School Board OKs Allowing Girls to Play Contact Sports
San Diego school trustees voted Tuesday to allow girls to try out for boys’ wrestling and football teams, a policy change that will permit Mira Mesa High School sophomore Kerry Hanley to compete against male classmates when wrestling season begins Monday.
The measure passed on the strength of votes from the San Diego Unified School District Board of Education’s three women members, Kay Davis, Susan Davis and Dorothy Smith. School board President Larry Lester abstained and board member John Witt voted against it.
“I feel pretty good about it,” said Hanley, who was reached by telephone at home. “I would have felt really depressed about it if they had said ‘no’ after all this.”
Hanley’s request in late October to try out for the boys’ wrestling team prompted district administrators to review their policy prohibiting girls from competing in contact sports--wrestling and football--and recommend the change.
Witt was the only board member to speak against dropping the ban, contending that girls might be injured in wrestling matches with boys and that the sport might be “compromised” if they took part.
Witt said that there are “certain aggressive activities that young men have, that they need to take part in, that are compromised if young women participate in the same activities.”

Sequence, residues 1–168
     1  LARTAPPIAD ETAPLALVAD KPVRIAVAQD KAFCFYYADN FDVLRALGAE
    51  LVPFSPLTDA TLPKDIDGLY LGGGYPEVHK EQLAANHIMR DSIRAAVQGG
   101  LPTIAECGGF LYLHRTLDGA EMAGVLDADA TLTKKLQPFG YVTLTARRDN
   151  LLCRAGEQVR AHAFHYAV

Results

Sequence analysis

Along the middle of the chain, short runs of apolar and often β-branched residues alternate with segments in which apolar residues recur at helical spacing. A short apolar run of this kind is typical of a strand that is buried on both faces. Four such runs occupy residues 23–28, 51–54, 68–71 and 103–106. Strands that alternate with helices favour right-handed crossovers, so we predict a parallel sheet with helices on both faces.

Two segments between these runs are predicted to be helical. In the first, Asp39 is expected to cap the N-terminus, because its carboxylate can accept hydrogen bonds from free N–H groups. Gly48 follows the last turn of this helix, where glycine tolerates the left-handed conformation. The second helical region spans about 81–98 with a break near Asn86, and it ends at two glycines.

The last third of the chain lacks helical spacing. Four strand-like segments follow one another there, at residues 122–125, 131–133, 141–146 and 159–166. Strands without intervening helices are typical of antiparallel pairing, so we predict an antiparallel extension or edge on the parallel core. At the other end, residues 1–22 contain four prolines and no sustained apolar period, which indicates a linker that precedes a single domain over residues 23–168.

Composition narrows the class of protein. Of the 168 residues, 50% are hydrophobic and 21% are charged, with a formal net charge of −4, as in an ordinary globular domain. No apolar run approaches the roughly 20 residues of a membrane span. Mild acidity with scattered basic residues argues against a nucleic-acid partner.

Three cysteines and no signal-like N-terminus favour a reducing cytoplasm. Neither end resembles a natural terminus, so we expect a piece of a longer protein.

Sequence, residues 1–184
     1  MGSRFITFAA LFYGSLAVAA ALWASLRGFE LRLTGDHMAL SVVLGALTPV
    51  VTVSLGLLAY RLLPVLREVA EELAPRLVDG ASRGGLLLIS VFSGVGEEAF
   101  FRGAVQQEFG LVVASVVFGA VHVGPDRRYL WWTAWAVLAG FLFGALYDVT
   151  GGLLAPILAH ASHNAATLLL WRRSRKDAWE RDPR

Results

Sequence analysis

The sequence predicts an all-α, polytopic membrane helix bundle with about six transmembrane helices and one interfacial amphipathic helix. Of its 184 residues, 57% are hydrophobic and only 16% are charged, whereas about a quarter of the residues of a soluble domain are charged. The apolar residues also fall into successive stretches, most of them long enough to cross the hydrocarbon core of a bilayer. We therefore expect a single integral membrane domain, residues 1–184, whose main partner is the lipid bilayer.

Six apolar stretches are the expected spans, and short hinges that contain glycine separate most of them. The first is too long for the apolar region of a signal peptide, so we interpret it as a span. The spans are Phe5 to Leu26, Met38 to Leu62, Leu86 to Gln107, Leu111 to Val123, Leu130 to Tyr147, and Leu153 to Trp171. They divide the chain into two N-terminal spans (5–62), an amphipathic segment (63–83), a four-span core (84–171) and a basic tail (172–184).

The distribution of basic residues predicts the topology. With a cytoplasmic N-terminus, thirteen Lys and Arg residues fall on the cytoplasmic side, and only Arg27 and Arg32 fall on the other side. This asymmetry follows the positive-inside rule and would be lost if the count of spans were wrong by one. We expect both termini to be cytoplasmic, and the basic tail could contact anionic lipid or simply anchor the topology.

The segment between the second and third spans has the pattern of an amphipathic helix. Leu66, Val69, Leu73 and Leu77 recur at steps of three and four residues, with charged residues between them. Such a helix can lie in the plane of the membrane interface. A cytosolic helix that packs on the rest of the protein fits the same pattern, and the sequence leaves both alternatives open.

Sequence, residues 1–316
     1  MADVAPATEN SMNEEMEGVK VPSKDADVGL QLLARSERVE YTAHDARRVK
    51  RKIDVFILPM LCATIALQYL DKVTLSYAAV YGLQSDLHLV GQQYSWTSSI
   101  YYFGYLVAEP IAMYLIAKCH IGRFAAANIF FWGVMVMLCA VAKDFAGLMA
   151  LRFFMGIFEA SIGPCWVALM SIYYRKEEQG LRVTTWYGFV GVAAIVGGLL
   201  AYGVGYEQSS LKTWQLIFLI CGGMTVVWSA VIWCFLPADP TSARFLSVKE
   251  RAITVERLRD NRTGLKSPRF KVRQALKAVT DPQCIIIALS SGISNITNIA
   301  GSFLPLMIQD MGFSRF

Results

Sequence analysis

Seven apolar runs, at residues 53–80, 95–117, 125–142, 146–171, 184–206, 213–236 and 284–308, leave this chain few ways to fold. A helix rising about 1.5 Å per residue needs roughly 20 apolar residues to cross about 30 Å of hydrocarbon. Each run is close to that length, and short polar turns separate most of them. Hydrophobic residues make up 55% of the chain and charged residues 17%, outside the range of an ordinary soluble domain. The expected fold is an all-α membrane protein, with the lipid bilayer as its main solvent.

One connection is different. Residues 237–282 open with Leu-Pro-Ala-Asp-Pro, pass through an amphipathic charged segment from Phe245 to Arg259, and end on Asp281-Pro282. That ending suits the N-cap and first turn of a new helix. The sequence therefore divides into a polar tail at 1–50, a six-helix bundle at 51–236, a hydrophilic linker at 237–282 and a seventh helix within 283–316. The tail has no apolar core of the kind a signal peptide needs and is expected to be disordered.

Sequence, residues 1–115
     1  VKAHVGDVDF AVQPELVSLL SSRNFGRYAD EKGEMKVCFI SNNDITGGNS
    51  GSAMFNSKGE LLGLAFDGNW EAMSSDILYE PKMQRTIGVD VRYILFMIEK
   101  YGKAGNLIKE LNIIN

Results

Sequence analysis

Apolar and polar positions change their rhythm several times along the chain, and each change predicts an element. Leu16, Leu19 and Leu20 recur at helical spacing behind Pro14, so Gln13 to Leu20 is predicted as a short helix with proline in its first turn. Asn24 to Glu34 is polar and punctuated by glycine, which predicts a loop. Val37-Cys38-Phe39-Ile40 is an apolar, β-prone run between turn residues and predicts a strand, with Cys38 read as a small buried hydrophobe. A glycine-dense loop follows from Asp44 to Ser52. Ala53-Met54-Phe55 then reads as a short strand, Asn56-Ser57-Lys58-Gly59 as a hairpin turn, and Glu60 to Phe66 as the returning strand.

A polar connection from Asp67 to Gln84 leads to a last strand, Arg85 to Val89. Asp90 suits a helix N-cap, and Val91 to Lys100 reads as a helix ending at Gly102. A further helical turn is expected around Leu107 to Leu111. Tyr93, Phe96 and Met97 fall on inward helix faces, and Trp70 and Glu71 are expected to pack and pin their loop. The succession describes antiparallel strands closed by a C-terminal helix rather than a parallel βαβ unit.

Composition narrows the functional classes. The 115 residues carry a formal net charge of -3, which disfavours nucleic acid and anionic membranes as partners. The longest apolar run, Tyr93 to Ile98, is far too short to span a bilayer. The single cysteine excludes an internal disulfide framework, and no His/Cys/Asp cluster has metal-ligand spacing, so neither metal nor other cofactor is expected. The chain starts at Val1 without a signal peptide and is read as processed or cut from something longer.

He said that he received facial mat-burn scars during his days as a high school wrestler. “With a woman, I think that’s a much more serious thing,” Witt said.
Lester said that he abstained from the vote because he believes that boys should be allowed to participate in sports limited to girls if girls are permitted to try out for all-male sports. “I would like to see that same reasoning extended to volleyball, because I know that there are a number of boys who would like to participate,” Lester said during the board’s discussion.
Currently, volleyball is a girls’ sport under California Interscholastic Federation (CIF) rules for the San Diego Section, but there has been some discussion of opening it to boys, said Wayne DeBate, secondary athletics manager for the district.
The school board’s three women members supported the change as a step toward insuring equal opportunity for girls and promoting personal choice. “I think that what you’re implying is that all women are weak and all men are strong,” Smith told Witt. “And I don’t think we should make those kinds of judgments. I think we should give them an opportunity to try.”
Supt. Thomas Payzant and general counsel Christina Dyer said last week that the board’s approval was not needed to change the policy. But Dyer said Tuesday that further research showed that such changes in athletic policy have historically been taken to the school board for approval.
Mira Mesa wrestling coach Jon Talbott said Tuesday that CIF officials have told him that arrangements can be made to have Hanley weigh in separately with a woman official if she wins a spot on the team and competes against other schools.
“If the whole thing is going to work, she’s got to do the same workouts and the same drills,” he said. “I hope they just go out and consider Kerry a wrestler instead of a girl.”
Hanley, who was practicing balance and leverage techniques with her stepfather Tuesday, said she has received support for her bid from school wrestlers and her friends. Her stepfather, David Andersen, said he is “totally in support” of her tryout and believes she can avoid serious injury.